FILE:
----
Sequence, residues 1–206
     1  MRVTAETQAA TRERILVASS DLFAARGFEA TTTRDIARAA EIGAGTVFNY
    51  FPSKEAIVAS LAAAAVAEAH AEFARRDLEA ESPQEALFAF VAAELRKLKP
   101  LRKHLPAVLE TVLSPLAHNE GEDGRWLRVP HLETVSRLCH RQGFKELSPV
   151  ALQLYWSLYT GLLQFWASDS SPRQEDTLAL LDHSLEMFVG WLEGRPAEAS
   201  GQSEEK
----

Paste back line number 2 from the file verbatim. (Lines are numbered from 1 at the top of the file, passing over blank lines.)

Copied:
     1  MRVTAETQAA TRERILVASS DLFAARGFEA TTTRDIARAA EIGAGTVFNY